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1 BFC FLUID MECHANICS

2 CHAPTER 1.0: Principles of Fluid 1.1 Introduction to Fluid Mechanics 1.2 Thermodynamic Properties of a Fluid: Density, specific weight, specific gravity, viscocity (kelikatan)berat tentu, compressibility (kemampatan), Bulk modulus (modulus pukal), dynamic & kinematic viscosity (kelikatan dinamik dan kinematik),surface tension (ketegangan permukaan) and capillarity (kererambutan). 2

3 CHAPTER 1.0: Principles of Fluid 1.1 Introduction to Fluid Mechanics Mechanics is the oldest physical science that deals with both stationary and moving bodies under the influence of forces. The branch of mechanics that deals with bodies at rest is called statics, while the branch that deals with bodies in motion is called dynamics. The subcategory fluid mechanics is defined as the science that deals with the behavior of fluids at rest (fluid statics)or in motion (fluid dynamics), and the interaction of fluids with solids or other fluids at the boundaries. 3

4 1.1 Introduction to Fluid Mechanics - Fluid engineering applications is enormous: breathing, blood flow, swimming, pumps, fans, turbines, airplanes, ships, rivers, windmills, pipes, icebergs, engines, filters, jets, and sprinklers, to name a few.. 4

5 1.1 Introduction to Fluid Mechanics (Cont d) - From the point of view of fluid mechanics, all matter consists of only two states, fluid and solid. -Distinction between a solid and a fluid is made on the basis of the substance s ability to resist an applied shear (or tangential) stress that tends to change its shape. - Any shear stress applied to a fluid, no matter how small, will result in motion of that fluid. The fluid moves and deforms continuously as long as the shear stress is applied. 5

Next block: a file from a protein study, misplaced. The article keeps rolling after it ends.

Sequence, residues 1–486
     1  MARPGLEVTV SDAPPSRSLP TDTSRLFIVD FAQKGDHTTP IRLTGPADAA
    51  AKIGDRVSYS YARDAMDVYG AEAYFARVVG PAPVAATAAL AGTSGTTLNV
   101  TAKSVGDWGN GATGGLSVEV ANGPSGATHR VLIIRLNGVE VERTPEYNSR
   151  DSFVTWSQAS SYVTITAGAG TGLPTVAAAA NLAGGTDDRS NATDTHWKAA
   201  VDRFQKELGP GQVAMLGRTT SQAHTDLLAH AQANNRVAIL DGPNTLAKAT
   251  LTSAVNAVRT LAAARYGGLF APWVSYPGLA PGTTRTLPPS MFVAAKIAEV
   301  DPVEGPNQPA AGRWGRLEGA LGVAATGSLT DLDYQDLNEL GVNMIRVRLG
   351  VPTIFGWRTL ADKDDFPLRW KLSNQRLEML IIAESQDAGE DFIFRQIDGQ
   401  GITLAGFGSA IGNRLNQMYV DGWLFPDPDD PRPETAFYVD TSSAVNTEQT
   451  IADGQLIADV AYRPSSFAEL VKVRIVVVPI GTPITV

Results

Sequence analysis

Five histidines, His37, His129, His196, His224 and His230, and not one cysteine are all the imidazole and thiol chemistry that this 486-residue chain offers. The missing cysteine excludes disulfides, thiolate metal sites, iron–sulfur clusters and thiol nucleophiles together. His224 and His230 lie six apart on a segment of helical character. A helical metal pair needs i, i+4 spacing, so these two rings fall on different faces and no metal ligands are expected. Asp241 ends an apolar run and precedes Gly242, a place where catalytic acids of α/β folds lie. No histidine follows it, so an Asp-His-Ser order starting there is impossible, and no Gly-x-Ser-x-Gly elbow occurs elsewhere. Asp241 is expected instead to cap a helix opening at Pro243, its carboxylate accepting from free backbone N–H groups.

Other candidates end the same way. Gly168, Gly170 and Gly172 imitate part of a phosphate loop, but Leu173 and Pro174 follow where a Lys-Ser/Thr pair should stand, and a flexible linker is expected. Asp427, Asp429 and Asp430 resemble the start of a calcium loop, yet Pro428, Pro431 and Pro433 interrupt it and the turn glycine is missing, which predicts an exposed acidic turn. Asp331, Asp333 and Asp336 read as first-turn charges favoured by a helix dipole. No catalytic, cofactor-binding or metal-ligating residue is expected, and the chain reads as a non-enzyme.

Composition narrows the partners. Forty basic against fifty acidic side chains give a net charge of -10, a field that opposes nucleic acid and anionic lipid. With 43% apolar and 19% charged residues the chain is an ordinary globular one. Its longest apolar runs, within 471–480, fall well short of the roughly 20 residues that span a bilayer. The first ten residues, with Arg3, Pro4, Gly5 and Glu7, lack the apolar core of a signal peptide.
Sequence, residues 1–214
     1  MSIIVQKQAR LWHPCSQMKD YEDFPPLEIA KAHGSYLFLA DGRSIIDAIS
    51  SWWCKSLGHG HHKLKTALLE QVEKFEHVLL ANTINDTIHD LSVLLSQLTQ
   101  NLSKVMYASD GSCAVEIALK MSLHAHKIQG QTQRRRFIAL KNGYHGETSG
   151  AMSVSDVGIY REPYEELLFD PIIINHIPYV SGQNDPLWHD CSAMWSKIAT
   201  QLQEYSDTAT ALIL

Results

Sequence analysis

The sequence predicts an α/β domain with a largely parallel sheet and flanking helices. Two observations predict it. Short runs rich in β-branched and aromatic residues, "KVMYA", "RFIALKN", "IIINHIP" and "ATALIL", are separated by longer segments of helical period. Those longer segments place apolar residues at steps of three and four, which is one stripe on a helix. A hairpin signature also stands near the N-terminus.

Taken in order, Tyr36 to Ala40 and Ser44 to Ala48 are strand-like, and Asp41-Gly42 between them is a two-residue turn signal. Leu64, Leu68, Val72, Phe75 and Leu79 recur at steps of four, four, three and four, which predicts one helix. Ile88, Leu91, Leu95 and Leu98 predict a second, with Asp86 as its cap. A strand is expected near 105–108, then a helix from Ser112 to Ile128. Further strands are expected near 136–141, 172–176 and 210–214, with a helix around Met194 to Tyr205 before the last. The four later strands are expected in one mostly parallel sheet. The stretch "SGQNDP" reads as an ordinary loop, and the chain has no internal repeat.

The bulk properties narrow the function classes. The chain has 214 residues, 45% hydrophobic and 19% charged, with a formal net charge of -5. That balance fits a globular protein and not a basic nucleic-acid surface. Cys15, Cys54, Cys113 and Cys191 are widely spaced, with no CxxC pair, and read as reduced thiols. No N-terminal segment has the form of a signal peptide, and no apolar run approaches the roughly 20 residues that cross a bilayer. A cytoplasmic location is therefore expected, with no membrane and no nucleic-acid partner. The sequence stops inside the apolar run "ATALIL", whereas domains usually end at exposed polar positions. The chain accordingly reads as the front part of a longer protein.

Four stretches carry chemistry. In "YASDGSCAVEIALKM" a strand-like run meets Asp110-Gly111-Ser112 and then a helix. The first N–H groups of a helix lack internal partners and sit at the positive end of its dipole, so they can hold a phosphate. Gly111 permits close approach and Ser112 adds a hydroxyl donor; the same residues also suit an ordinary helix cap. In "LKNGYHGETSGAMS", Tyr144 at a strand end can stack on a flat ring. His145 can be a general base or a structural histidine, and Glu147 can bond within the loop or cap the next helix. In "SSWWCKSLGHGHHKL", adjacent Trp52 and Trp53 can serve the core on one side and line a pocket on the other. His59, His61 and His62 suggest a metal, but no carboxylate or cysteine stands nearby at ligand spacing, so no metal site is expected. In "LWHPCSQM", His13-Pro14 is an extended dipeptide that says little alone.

6 1.1 Introduction to Fluid Mechanics (Cont d) Figure 1 illustrates a solid block resting on a rigid plane and stressed by its own weight. The solid sags into a static deflection, shown as a highly exaggerated dashed line, resisting shear without flow. Figure 1 6

7 1.1 Introduction to Fluid Mechanics (Cont d) - The liquid and gas at rest in Figure 2 require the supporting walls to eliminate shear stress. Figure 2 7

8 1.1 Introduction to Fluid Mechanics - The liquid retains its volume and forms a free surface in the container. - If the walls are removed, shear develops in the liquid and a big splash results. - If the container is tilted, shear again develops, waves form, and the free surface seeks a horizontal configuration, pouring out over the lip if necessary. 8

9 1.2 Thermodynamic Properties of a Fluid: a) Density, (ketumpatan) m V ( kg / 3 m ) - Density is highly variable in gases and increases nearly proportionally to the pressure level. 9